While many businesses are being allowed to reopen and with attractions like Navy Pier and the Lakefront Trail following suit, Chicago Mayor Lori Lightfoot warns that city residents shouldn’t expect to see playgrounds and beaches open any time soon.
On Monday, the city announced that it would move forward into Phase Four of its reopening plan amid the ongoing coronavirus pandemic, but beaches and playgrounds are not among the locations that will be allowed to reopen at this time.
“We’re still a ways away from that,” Lightfoot said during a Monday press conference. “I drive around the city, and I see children playing on playgrounds, but they’re still closed and they’re going to be closed for the foreseeable future.”
Even though the Lakefront Trail has reopened as of Monday, residents are still not allowed to visit city beaches either, and Chicago Health Director Dr. Allison Arwady says that it could still be at least several weeks until a decision is made to allow limited usage of beaches.
“Only today is the lakefront officially open, and we want to see how that goes,” she said. “I think we’ll be looking ahead through the Fourth of July, and then at that point, we can really be doing some assessment. When people do go to the beach, it will be very important that social distancing can happen, which means not having crowds.”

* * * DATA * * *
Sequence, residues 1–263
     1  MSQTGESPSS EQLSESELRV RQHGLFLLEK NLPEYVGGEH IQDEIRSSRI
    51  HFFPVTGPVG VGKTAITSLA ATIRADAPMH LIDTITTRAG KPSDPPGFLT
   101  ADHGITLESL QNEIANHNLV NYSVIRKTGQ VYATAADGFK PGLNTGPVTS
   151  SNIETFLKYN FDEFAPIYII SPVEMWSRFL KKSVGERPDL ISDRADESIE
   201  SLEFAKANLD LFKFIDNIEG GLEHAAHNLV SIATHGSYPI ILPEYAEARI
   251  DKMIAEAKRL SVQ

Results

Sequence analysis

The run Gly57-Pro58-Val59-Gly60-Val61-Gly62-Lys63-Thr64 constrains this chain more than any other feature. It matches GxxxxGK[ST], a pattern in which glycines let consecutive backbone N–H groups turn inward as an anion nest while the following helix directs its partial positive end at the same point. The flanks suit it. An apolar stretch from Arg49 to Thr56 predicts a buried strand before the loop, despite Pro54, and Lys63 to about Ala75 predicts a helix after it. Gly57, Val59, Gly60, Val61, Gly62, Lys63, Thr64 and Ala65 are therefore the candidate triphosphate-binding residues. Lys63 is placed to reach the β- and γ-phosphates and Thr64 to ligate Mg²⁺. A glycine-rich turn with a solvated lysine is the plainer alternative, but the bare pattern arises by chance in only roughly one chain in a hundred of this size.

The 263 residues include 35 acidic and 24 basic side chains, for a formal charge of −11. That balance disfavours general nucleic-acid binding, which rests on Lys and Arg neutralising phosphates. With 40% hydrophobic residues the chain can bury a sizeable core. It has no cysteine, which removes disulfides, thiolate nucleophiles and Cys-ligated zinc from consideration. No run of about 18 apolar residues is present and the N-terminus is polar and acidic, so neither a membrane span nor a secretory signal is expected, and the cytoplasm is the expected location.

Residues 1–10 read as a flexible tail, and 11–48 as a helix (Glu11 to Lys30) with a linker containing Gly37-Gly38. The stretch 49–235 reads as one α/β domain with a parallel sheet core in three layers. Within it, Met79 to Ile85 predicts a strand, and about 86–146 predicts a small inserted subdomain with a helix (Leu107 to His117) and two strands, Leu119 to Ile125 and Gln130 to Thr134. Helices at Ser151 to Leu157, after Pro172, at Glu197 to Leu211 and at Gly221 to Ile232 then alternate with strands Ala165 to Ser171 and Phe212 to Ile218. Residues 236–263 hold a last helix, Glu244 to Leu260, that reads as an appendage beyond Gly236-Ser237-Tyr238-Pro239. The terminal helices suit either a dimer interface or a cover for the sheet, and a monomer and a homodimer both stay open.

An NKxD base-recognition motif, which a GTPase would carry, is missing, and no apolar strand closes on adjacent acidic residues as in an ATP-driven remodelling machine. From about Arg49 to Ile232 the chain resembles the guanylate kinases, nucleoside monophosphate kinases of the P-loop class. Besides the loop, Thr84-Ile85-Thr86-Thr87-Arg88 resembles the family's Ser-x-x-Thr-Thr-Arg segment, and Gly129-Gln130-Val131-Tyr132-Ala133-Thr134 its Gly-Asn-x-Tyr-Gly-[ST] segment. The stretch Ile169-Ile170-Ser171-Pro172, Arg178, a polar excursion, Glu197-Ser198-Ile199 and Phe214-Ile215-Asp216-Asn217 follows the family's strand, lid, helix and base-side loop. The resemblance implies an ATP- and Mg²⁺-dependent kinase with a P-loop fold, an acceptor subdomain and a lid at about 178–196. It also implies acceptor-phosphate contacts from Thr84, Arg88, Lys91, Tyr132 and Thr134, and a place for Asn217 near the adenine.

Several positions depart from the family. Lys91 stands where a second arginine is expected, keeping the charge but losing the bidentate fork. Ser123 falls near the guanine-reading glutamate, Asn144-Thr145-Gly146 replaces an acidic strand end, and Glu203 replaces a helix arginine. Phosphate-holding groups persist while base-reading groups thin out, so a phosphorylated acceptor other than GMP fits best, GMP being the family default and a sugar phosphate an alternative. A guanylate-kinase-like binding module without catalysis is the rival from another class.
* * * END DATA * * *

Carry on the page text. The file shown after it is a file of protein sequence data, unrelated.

Under Phase Four of Illinois’ phased reopening plan, gatherings of 50 or fewer people are allowed, but city officials are still having conversations about the safest way to potentially allow waterfront recreation, or for children to begin to use playground equipment.
“We have very robust discussions about each of those, and we meet on a regular basis to determine where we are and what the future looks like,” Lightfoot said. “We’ve been talking about beaches and swimming pools and splash pools for some time, but based upon healthcare guidance, we’re just not there yet.”
City officials did say that Phase Four regulations are “not static,” meaning that some places could potentially loosen restrictions even without moving into Phase Five of the city plan. Beaches are among those locations that could potentially be impacted, but Arwady warned that residents will have to be patient with reopening of beaches and pools.
“Where we think about pools and beaches, the water itself is not a concern for COVID spread,” she said. “The risk is that people who breathe on each other have the ability to spread the virus. We’ve been having conversations and seeing what people are doing in relation to this. Unless we get into a heat emergency, we don’t have a plan to have pools open, and beaches are not open yet, but we will be watching carefully.”
City officials did express some optimism that reopening could still occur this summer, as the numbers of new cases and hospitalizations in the city have continued to decline in recent weeks.
“Our hope is that it will be coming, and the way we get there is to see cases continue coming down, and to do that we need people doing what they need to be doing,” Arwady said.